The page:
“Try something completely new and see where it takes you. Don’t think you’re musical? Sign up for choir. Think you hate science? Try out that class on epigenetics. The worst that can happen is you find out you were right.”
If you could offer one piece of advice to a college freshman, what would it be?
Try something completely new and see where it takes you. Don’t think you’re athletic? Join a running club. Don’t think you’re musical? Sign up for choir. Think you hate science? Try out that class on epigenetics. The worst that can happen is you find out you were right. Even if you don’t decide to change your major or suddenly find you’re the next Olympic athlete it will give you a new perspective and maybe even some funny stories to tell your family over winter break.
If you could offer one piece of advice to a college senior who is soon to graduate, what would you tell them?
Don’t worry so much about what your future is going to be. By now, everyone has probably started asking you, “What are you doing with your life?” Don’t worry about that yet. You don’t need to have your whole life figured out right now. Have a vision for the future, but know that you will learn so much in the next few years and have so many opportunities ahead of you that you can’t possibly know the exact path you’ll take. All you need to do right now is figure out the next step. And that next step is not going to define the rest of your life. You’ll have many moments over the course of a lifetime to do that.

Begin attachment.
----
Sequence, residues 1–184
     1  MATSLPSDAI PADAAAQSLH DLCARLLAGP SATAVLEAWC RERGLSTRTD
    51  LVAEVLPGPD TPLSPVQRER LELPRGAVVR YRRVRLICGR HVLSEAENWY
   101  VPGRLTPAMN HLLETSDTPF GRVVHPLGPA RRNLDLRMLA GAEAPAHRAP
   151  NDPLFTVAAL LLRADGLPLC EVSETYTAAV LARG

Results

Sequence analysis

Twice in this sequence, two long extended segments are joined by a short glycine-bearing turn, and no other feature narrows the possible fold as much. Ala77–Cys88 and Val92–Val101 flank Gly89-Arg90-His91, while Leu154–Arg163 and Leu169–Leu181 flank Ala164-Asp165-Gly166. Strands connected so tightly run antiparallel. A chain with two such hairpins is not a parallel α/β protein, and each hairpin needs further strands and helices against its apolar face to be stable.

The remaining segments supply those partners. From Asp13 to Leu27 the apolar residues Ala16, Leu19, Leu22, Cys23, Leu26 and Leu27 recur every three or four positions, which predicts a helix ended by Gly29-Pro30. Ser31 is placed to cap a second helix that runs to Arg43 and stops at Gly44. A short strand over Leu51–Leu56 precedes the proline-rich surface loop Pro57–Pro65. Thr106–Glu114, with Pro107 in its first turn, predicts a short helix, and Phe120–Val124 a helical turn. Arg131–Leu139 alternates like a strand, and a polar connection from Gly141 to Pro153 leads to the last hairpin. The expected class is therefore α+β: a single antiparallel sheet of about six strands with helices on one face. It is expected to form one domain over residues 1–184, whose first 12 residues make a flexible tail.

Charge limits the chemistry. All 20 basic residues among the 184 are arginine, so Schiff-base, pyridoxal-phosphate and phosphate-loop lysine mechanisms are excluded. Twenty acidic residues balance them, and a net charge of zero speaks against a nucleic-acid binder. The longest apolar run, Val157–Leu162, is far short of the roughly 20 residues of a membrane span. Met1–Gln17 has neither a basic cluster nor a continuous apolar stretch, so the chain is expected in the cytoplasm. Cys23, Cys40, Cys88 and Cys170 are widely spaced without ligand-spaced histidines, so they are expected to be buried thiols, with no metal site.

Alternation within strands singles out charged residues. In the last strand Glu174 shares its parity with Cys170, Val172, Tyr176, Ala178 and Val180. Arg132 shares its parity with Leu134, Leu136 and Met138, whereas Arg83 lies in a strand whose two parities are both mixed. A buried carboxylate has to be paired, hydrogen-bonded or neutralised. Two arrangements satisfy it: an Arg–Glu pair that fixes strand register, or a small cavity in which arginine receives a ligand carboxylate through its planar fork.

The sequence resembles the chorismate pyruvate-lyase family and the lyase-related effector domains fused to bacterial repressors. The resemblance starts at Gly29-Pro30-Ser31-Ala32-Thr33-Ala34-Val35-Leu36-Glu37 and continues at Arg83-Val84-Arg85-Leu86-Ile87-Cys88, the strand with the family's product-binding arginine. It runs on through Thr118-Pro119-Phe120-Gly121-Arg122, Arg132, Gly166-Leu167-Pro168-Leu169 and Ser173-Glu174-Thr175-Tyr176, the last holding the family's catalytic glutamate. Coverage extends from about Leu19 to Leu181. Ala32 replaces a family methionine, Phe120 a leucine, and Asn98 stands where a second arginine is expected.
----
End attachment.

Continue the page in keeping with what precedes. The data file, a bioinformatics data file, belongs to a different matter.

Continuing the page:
Separately, buy a Crock-Pot. It makes cooking dinner for the week so much easier!
While this is not an advertisement, Campus Philly whole-heartedly supports that everyone buy a Crock-Pot early in their adulthood. For more advice on using every moment to your advantage and discovering your life and career, visit the Campus Philly Launch site at CampusPhilly.org/Launch! Check out some of our previous interview blogs for advice on finding your career, and follow Campus Philly on Instagram (@CampusPhilly) to find out about more events that can connect you with exciting events in Philly, fellow college students, and your perfect career match.
Colleen started her career at Vanguard in 2017 as the Operations Manager for the Innovation Studio. Apart from operations she also focuses on marketing and event strategy. Previously she worked in the Philadelphia area at ACFEA Tour Consultants managing international and domestic tours for choirs and orchestras. She graduated with a B.S. in Business Administration and a B.A. in Music from American University. Outside of work, she enjoys traveling, singing and trivia nights.